Meet one of the poll workers who help democracy happen

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For years, Miria Natividad has spent Election Day following a pathway of political signs towards what she calls the most important job of her life. 

“I get excited because these people voting are our future,” she said.  

When she was growing up in Peru, women were not granted the right to vote until 1955. So as soon as she immigrated to the U.S., Miria delved into city government. She worked as a court clerk with Dorthy Brown for 14 years, and worked for 14 years with Cook County Treasurer Maria Pappas.  

But for the last decade, she’s been an election official for the 33rd Ward, which is now based at the McFetridge Sports Center. For Miria, it’s about giving everyone the right to be heard.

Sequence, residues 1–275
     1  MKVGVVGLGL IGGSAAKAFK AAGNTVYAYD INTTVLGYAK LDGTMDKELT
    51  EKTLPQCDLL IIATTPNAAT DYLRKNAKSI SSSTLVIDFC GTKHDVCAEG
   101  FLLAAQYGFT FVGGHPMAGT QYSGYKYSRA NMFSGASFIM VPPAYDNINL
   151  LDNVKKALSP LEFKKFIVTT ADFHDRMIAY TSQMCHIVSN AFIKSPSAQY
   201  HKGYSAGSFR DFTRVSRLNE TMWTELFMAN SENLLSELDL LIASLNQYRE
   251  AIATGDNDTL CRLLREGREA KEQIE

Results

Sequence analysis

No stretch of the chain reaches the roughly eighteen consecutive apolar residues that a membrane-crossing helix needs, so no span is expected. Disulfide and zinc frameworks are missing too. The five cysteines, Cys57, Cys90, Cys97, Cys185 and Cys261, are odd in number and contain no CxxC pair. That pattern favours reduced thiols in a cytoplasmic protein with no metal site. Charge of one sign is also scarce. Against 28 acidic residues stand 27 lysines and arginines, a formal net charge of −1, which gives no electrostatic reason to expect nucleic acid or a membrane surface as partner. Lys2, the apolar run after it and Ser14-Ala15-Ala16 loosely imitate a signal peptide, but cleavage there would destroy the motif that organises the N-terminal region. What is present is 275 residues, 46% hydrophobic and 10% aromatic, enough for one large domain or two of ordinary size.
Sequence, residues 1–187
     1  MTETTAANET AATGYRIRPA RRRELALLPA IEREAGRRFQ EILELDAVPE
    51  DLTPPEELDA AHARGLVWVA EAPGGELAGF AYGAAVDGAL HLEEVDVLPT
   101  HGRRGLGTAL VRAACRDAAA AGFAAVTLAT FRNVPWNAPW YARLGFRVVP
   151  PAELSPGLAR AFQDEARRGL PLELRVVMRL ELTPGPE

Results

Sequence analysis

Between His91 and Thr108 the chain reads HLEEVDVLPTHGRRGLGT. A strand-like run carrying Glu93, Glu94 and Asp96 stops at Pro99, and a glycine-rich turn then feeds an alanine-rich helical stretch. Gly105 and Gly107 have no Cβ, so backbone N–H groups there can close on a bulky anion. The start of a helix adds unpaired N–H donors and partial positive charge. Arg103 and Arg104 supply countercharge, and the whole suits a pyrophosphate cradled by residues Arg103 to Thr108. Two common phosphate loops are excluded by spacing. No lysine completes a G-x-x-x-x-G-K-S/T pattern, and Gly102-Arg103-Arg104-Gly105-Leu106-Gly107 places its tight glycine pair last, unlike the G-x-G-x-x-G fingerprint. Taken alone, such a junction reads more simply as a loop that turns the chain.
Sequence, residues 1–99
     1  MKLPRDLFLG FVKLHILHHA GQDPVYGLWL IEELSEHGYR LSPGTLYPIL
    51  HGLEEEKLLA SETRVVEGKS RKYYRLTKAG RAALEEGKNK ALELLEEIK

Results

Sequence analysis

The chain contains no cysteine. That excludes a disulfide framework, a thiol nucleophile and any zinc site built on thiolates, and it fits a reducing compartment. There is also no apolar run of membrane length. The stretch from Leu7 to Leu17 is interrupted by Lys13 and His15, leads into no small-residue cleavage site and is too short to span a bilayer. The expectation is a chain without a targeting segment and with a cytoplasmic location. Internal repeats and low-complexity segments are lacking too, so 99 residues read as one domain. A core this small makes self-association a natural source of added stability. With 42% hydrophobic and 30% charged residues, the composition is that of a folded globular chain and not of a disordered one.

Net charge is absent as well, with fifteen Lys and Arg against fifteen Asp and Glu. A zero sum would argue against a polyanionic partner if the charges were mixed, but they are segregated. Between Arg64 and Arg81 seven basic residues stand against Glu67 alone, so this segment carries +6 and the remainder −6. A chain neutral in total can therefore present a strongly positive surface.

“One day I almost cried because a woman came in with three kids, and said she just couldn’t vote with all her children there,” she remembers. “I said, ‘don’t worry, you vote… I’ll be your babysitter for twenty minutes.”

Even Illinois’ Primary Election Election looks different in the face of coronavirus, including at many polling places where they’re forced to operate with fewer of the familiar senior election officials. Even Miria was advised to give up her beloved post.

“I don’t care.  Yes, i’m way older than sixty-five, but I feel younger in my heart. I’ll be okay…god help me,” she said. 

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